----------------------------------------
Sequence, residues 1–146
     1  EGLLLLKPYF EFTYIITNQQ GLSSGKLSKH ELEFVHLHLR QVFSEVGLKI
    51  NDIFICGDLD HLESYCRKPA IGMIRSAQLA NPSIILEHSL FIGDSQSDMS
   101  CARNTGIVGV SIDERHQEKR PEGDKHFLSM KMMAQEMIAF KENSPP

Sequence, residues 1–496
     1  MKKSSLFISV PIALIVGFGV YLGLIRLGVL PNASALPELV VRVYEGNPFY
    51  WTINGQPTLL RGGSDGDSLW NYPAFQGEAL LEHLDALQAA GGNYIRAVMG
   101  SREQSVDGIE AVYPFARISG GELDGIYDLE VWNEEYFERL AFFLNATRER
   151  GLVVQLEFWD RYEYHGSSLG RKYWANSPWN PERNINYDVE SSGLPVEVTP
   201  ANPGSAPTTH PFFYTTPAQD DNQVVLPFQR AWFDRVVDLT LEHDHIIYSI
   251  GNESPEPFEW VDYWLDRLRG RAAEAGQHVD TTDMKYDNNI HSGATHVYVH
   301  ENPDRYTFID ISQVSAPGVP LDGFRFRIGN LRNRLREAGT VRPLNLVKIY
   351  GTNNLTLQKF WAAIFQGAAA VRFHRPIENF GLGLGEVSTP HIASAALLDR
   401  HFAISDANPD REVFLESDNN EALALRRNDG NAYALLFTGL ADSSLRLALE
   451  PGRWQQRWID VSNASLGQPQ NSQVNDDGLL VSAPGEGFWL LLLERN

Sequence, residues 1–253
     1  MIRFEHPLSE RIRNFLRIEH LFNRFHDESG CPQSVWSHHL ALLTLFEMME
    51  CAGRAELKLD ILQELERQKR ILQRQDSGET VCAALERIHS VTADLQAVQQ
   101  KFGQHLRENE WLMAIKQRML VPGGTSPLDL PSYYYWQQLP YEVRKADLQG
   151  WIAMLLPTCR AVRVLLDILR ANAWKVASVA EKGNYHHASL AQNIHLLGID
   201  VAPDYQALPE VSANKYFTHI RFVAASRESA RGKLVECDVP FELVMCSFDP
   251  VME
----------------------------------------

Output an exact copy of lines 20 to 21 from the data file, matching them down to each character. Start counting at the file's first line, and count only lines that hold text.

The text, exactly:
   151  WIAMLLPTCR AVRVLLDILR ANAWKVASVA EKGNYHHASL AQNIHLLGID
   201  VAPDYQALPE VSANKYFTHI RFVAASRESA RGKLVECDVP FELVMCSFDP